The report notes that local food systems would go a long way towards alleviating food insecurity and poverty, particularly in Indigenous, Black and racialized communities.

As this and other reports have underscored, Canada imports 30 per cent of its food, yet exports more than 50 per cent of what we grow and raise. Canada is the fifth largest food exporter in the world, and the sixth largest food importer. Go figure!

Essentially, we export more than 50 per cent of the fruit and vegetables that we grow — and yet we import many of these very same horticultural products. Some of these imports are due to seasonal demand and Canada’s growing season. But at the same time, studies have shown that a significant amount of these horticultural imports could be grown and stored in Canada if it were made a priority in our agricultural policy.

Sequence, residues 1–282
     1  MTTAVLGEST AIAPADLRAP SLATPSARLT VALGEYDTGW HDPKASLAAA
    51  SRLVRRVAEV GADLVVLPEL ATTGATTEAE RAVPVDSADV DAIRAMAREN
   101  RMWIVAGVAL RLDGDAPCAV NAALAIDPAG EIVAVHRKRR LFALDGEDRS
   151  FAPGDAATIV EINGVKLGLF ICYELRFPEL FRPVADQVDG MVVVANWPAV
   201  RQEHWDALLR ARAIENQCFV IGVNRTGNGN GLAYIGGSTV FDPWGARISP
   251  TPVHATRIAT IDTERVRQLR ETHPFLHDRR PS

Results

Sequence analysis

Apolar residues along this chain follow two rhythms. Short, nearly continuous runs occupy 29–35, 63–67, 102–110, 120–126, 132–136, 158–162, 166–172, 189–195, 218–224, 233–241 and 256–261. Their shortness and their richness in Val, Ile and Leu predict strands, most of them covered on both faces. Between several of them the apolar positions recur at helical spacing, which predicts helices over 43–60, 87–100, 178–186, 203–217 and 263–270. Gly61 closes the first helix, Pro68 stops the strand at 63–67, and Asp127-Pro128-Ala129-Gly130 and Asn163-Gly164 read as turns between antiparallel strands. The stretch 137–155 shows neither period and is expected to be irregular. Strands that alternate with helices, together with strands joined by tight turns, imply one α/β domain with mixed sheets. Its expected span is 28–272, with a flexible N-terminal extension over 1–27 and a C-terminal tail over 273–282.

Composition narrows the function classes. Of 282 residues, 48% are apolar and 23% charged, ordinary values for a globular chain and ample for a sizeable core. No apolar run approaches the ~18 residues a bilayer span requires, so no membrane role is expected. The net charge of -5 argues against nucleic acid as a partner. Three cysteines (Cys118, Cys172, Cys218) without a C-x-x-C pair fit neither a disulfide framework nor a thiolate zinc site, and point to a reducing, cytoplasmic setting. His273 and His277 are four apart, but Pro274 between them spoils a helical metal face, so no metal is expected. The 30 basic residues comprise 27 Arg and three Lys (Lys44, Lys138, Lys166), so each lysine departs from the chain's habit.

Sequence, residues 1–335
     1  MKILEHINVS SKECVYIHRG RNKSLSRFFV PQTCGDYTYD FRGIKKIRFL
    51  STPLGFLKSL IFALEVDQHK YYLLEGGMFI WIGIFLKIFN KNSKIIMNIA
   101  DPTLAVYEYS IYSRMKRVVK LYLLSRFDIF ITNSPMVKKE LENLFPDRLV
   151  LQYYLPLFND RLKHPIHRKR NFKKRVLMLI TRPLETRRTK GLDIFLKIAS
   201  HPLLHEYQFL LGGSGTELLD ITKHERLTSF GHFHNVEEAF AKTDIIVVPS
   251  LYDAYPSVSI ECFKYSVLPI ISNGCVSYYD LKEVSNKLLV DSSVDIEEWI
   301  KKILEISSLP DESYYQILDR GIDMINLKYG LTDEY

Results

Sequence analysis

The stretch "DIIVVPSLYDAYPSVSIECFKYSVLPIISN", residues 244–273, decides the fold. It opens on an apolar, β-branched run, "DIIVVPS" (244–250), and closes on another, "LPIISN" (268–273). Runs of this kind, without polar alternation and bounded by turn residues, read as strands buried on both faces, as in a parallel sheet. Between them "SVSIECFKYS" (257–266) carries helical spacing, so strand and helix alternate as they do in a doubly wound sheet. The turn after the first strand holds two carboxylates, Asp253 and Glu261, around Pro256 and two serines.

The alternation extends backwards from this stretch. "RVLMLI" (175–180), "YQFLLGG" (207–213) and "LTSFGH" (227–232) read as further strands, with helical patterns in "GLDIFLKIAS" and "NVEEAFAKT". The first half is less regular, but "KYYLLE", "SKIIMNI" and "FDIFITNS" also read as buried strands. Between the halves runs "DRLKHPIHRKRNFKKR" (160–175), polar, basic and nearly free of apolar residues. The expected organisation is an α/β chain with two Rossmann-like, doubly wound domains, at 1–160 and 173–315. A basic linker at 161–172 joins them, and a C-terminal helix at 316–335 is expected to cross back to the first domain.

Generally, the rate of growth in imports exceeds the rate of growth in exports. Ontario, for example is a net food importer, importing annually about $10 billion more than it exports, with roughly half of those exports being products that we grow, store and process within the province.

A study published in 2015 concluded that more than half of the food products imported by Ontario could be produced in the province. The report, “Dollars and Sense: Opportunities to Strenthen Southern Ontario’s Food System” concludes:

“If local production were expanded to replace even ten percent of the top ten fruit and vegetable imports, the Ontario economy would gain close to quarter of a billion dollars in GDP and 3,400 full-time jobs. The research also demonstrates that when more food is produced locally, energy use and pollution from transportation are reduced.”